So far, I have assumed the possibility and desirability of a hermeneutics of the visual, an approach or set of approaches that might allow us to interpret with more confidence and conviction the things that we see. Perhaps the problem is with the assumption, though, and the set of contradictions that seem to pervade our simultaneous dependence on and skepticism about the visual. It has been suggested that language, text, discourse, etc. are inadequate models or analogues for visual rhetoric. As Homer points out, "Image versus text has become the central issue among advocates of . . . the new visuality (7). Or as Barbara Stafford has argued, "we need to disestablish the view of cognition as dominantly and aggressively linguistic. It is narcissistic tribal compulsion to overemphasize the agency of logos and annihilate rival imaginaries" (7). As painful as the sound of her words may be to rhetoricians, they have a certain intuitive appeal as well. But before we completely abandon the linkage between text and image, it seems fit to remind ourselves that that linkage has provided some very useful and productive kinds of insights, e.g., it has allowed us the capacity to explore the politicization of the aesthetic, not to mention the much-discussed aestheticization of the political. If we move beyond "text" as a metaphor for the seen and "reading" as a metaphor for seeing, we must at least be careful to not reenact the old saws of experience versus understanding, appreciation versus interpretation, and aesthetics versus politics. Since I don't know quite how to do that, I'll leave that as a possible item of discussion and move on to the other intrusive figure.
The second uninvited conceptual guest to my party on commemorative art has been "materiality." It's a cousin of the readability problem but puts a considerably different twist on it. In the case of public memorial art, much of which is made of stone or metal, it becomes impossible--and undesirable--to ignore its material character. Certainly, visitors to memorial sites look at the focal artwork, but they do more than that. They walk around it, touch it (if it can be touched without breaching barriers, etc.), sometimes listen to it (e.g., if it incorporates water or some other audible feature), etc. They experience and are affected by other people doing similar things. These are "unavoidables" of studying these sites; I do not mean to imply that I would like to avoid them or that they should be avoided. Rather, I think they teach us something about the rhetoric of these places and probably about rhetoric in a broader sense.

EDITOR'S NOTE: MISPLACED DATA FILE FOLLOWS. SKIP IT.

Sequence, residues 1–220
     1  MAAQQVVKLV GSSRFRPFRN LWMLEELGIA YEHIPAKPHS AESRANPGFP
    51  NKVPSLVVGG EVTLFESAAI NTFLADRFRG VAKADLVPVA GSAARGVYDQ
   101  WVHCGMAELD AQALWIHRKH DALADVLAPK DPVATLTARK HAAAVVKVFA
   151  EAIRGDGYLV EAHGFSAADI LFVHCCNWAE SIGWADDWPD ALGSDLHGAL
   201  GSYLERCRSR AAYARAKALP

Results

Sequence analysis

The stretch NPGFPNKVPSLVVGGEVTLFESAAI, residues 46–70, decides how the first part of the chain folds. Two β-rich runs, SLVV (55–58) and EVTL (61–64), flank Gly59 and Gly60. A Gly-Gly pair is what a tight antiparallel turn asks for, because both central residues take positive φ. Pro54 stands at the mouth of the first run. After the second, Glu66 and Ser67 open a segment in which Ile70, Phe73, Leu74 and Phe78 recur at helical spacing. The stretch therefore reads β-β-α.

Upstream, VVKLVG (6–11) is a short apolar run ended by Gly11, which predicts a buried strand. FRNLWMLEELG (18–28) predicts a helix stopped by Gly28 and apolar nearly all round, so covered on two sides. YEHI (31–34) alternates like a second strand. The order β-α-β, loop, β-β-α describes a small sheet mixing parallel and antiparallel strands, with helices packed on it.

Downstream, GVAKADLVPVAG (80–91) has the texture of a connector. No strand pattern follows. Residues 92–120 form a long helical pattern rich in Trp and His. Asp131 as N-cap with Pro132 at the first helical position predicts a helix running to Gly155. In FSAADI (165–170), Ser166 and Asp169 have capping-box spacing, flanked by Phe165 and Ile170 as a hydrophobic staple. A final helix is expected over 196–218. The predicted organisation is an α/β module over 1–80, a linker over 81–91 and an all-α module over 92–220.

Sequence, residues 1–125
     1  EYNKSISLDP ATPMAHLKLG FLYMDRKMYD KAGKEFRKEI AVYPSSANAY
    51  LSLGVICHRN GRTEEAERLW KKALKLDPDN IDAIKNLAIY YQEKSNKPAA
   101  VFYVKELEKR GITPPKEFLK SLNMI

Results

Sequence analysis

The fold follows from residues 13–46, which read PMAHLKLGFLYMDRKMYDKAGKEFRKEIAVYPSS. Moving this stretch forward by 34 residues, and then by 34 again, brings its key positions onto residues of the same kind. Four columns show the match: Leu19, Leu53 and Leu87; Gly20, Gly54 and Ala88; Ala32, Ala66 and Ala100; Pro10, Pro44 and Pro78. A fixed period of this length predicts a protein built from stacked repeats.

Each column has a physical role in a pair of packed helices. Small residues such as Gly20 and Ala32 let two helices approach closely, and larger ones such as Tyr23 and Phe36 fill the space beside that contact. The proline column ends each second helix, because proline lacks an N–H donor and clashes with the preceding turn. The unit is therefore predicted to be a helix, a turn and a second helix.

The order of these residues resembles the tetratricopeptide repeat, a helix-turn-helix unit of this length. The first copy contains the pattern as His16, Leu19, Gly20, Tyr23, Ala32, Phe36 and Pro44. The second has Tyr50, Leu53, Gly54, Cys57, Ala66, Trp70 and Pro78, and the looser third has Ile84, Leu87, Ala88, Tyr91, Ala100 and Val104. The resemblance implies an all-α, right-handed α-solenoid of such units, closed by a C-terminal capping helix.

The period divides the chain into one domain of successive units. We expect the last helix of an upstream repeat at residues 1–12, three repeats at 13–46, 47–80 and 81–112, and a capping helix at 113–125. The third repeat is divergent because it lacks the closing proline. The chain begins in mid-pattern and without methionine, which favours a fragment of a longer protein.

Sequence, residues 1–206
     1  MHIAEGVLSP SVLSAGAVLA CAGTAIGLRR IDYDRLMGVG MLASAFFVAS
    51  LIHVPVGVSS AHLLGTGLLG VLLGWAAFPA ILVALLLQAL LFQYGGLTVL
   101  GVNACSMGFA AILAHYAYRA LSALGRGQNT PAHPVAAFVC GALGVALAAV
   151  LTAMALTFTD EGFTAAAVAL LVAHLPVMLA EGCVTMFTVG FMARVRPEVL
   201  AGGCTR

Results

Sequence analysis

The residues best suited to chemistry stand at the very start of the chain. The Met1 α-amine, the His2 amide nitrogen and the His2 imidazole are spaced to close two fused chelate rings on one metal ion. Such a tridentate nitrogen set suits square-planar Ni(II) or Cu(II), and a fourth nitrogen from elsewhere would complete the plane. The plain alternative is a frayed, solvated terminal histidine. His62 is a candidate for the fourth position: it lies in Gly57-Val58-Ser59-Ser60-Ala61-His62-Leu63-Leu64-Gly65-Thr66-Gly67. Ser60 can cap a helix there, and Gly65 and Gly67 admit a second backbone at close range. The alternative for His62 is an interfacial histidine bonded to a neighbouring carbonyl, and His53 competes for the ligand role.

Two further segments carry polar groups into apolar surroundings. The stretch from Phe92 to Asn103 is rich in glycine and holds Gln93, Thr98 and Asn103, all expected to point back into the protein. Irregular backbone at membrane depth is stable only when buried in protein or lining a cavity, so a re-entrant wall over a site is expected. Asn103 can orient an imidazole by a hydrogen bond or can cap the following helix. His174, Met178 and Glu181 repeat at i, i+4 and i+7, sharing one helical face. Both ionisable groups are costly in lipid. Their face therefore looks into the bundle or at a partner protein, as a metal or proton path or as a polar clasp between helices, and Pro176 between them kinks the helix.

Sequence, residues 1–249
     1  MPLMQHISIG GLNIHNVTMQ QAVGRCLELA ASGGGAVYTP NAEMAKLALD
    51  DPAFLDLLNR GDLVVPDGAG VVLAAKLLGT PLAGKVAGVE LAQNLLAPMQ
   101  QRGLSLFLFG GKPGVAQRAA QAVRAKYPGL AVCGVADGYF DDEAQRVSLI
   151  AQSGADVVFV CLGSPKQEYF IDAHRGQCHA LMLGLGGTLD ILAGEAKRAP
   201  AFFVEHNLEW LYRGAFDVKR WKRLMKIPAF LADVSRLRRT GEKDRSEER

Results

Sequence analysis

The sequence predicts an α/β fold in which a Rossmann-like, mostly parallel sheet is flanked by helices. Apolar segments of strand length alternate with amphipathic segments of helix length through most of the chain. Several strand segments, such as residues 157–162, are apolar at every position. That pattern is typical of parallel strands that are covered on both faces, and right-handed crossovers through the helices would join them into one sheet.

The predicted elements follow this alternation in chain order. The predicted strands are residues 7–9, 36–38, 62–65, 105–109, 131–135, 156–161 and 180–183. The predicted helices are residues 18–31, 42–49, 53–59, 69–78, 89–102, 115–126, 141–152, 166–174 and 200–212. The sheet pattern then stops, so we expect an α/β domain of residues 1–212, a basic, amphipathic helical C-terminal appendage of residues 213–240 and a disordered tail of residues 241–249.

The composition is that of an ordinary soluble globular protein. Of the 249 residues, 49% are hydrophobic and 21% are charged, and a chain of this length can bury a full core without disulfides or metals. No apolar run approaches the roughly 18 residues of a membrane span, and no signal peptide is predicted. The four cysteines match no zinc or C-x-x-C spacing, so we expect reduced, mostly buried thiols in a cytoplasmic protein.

One of the effects for my own work on these obviously material places has been to try to think through the differences their materiality makes. Or, more precisely, I have been trying to figure out what difference their particular kind(s) of materiality makes in relation to that of written or spoken discourse, or film or television or painting or cyberspace. All of these rhetorics are material, but they differ in a multitude of ways in their materiality. Of course, they differ in other ways too, but their particular brands of material character and force, I think, are definitive and perhaps partly determinative of conditions of meaning and influence. For example, what difference does it make that one may return to a memorial site but never to an oral speech? What difference does it make that commemorative places and movie theatres are populated (although with audiences who act very differently) and that television viewing is often solitary? What difference does it make that memorial sites may interact by sight line with other elements in its geography, while written works are more likely to reference or be textualized with other written works? But even then, what happens when a speech or written text speaks of or describes a place, and what happens to that place for a visitor after s/he has read or heard about it in another medium?
Some of these questions are reducible to what a whole host of post-Cartesian discourses have already said about the body. And to not attend to those discourses is indefensible, in my judgment, not only for those of us who study non-traditional "discourses," but also for those who study written and spoken texts. However, there is even more relevant work on the horizon that I believe offers an opening to address some of these questions and others that arise from rhetoric's materiality. It is represented most forcefully and recently by Ron Greene's essay, "Another Materialist Rhetoric," but is evident in works by Dana Cloud, Celeste Condit, Robbie Cox, Fred Corey, Sharon Crowley, Michael McGee, Raymie McKerrow, Tom Nakayama, Kent Ono, Ed Schiappa, Jack Selzer, John Sloop, Julia Wood, etc. I'll end with a slight variation on Greene's injunction: to block "the rush to a politics of representation which risks dematerializing . . . rhetorical practices" (31). There may be some possibility here, in other words (although I'm far from certain), that the first problem--of readability--may be resolved or at least addressed by the second--materiality. But I'll leave that for discussion.
Greene, Ronald Walter. "Another Materialist Rhetoric." Critical Studies in Mass Communication 15 (1998): 21-41.
Homer, William Innes. "Visual Culture: A New Paradigm." American Art 12 (Spring 1998): 6-9.
Stafford, Barbara Maria. Good Looking: Essays on the Virtue of Images. Cambridge, MA: MIT Press, 1996.